Netscape, the Chameleon

A random thought just crossed my mind: What if the new Netscape Browser offered not just the use of the Gecko web-rendering engine, but also Webkit?

After all, Webkit is being ported to Windows XP (albeit still in a very alpha stage). And Netscape has done it before with the previous version and included support for the native Internet Explorer engine (Trident). Hell, they can even include support for the new IE7 engine! And why stop there? Why not ask Opera for a .dll that they can link to? I mean, Opera is distributed freely, right? Add a little ‘powered by Opera’ button or something…

Now how ’bout that, a browser with which we can test the subjective rendering speed of all major web rendering engines, all from a single UI… Combine it with their Netscape.com Portal and they might even be tempted to claim “the most open[1] Web-browsing experience”…

I do realise that Netscape is trying for a multi-platform approach. So don’t include Trident in NB for Linux and NB for Max OS X (and you can’t anyway). Even using “alternative” operating systems, IMHO it would be good to see tighter competition between Webkit, KHTML and Gecko.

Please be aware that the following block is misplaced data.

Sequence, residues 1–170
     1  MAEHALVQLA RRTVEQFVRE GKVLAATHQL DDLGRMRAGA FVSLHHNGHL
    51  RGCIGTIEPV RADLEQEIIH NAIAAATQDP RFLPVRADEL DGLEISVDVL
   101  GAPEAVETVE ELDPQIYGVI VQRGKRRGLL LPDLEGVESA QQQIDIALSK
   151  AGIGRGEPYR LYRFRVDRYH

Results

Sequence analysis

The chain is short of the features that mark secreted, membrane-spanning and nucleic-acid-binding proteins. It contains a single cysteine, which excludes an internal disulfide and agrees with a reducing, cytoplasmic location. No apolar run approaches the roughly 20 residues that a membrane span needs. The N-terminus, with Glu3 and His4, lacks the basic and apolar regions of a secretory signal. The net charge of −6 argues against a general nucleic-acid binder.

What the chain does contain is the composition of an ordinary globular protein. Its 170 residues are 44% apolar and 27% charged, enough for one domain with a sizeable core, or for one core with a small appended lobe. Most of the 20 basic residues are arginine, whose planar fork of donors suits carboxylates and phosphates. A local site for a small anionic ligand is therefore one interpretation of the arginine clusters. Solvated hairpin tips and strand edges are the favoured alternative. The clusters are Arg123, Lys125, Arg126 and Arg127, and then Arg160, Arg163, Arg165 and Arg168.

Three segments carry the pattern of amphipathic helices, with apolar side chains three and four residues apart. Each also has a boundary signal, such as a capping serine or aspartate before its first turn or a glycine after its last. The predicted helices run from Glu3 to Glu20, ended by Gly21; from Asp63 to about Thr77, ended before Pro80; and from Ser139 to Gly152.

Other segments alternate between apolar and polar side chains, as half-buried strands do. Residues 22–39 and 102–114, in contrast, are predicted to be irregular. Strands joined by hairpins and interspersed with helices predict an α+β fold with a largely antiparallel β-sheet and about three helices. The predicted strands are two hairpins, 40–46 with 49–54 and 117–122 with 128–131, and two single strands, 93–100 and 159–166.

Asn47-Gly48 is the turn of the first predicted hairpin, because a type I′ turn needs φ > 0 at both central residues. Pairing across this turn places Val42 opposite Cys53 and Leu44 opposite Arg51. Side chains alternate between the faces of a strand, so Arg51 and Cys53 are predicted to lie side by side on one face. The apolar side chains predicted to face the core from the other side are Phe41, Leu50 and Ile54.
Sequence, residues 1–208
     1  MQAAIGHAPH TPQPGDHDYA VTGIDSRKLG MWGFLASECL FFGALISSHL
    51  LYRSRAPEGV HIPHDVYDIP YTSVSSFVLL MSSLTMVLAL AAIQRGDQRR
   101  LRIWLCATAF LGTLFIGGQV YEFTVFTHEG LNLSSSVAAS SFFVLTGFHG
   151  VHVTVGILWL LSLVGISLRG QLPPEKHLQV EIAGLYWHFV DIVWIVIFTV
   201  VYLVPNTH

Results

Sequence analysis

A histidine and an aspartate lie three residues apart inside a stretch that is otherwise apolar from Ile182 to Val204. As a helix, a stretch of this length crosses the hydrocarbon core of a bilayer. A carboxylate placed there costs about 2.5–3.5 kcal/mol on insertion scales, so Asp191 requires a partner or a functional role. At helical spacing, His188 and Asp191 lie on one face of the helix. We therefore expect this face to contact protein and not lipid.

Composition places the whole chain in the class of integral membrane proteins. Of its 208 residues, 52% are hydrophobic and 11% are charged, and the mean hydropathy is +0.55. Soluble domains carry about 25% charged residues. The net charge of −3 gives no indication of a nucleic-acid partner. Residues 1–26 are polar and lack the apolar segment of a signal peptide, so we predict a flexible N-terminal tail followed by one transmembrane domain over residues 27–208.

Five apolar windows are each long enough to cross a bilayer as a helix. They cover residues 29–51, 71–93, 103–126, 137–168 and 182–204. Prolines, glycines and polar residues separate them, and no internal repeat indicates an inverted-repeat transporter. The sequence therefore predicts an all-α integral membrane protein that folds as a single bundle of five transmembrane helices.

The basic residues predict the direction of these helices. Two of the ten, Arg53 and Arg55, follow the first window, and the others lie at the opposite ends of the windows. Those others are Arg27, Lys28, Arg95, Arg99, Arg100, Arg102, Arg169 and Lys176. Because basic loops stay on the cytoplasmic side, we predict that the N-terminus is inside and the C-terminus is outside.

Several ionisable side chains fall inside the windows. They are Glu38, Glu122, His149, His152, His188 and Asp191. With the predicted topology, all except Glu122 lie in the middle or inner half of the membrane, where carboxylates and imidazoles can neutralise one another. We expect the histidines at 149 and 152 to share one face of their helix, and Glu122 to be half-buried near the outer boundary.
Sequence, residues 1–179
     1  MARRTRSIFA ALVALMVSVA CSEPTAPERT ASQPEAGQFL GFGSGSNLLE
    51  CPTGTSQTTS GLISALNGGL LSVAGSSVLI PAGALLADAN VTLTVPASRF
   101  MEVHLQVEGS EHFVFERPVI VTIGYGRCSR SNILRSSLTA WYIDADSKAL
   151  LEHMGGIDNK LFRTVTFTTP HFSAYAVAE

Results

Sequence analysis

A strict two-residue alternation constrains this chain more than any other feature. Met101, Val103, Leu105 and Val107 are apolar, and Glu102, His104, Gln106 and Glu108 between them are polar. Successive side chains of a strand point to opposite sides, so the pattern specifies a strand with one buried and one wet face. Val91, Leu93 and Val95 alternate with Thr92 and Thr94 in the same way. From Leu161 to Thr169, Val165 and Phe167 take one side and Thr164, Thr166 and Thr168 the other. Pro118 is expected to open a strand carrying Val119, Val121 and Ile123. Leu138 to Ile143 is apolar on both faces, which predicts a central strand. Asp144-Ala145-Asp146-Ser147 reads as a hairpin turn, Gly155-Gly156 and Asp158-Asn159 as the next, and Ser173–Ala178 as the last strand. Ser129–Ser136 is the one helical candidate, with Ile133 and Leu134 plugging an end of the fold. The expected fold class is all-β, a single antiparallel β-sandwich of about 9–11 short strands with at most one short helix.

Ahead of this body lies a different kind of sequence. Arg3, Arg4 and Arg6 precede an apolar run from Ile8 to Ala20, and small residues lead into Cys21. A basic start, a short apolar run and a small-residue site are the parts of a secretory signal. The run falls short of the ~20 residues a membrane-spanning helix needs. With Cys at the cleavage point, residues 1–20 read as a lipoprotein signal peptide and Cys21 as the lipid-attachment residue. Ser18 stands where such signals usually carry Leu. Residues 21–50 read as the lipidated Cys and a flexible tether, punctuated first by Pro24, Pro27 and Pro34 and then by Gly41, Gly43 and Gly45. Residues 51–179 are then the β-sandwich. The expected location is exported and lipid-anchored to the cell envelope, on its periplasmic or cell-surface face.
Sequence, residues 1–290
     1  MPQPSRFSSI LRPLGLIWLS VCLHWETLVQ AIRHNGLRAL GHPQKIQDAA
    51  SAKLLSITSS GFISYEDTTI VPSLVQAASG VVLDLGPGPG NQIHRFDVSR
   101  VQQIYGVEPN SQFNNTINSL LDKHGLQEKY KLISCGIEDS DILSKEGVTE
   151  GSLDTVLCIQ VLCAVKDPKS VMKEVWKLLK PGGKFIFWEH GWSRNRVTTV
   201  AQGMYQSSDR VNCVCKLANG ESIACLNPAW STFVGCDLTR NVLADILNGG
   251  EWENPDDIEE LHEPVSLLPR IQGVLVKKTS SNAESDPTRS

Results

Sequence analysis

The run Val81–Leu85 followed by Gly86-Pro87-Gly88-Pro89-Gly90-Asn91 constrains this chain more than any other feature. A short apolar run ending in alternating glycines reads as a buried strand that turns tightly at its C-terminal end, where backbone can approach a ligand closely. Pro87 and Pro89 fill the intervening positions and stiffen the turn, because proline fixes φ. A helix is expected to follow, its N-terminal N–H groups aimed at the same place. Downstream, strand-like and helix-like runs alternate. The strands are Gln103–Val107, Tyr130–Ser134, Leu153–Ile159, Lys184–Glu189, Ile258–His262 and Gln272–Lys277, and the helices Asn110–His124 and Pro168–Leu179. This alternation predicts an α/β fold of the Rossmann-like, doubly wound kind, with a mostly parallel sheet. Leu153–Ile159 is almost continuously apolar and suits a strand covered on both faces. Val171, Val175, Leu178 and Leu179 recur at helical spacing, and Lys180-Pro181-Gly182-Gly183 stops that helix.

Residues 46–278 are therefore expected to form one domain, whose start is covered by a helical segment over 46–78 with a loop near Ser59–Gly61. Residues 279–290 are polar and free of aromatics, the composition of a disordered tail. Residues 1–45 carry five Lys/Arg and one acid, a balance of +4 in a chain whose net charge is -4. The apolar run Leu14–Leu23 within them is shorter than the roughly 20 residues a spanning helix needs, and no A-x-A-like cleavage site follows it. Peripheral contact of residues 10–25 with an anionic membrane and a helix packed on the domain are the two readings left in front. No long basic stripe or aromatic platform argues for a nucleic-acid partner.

But I digress; subjective web-browsing speed depends on more than the layout engine chosen. The UI, the caching subroutines, server, bandwidth, etc… But still, wouldn’t it be cool to check out a multi-engine Web Browser?

[1]Notice I said open, not Open-source.

Mini-glossary:

  • Webkit is the layout engine behind Apple’s Safari web browser, the default web browser of current Apple Macintoshes.
  • The Web rendering engine / layout engine is the part inside Web browser that renders Web pages.
  • Gecko is the layout engine behind Firefox.
  • Netscape was the company which made the Netscape Communicator web-browsing application suite, which was the predecessor of the Mozilla Suite. It now lives as a division of
  • The Mozilla Suite was produced by the Mozilla Foundation, which later created Gecko and Firefox. It still lives as the Seamonkey application suite.
  • KHTML is the layout engine of the KDE Browser.
  • The blue letter-‘e’ is not the Internet.

To normal human beings: don’t hesitate to ask more additions to this mini glossary, if you feel that you need it. Just say so in the comments.

To alpha geeks: I’m trying to serve a certain audience here. One not primarily composed of you über-Guru computer wizards. One more composed of the humble, just-about-knows-how-to-use-Word type of audience. Oh and you’re more than welcome to add glossary entries in the comments. Or insults 😉

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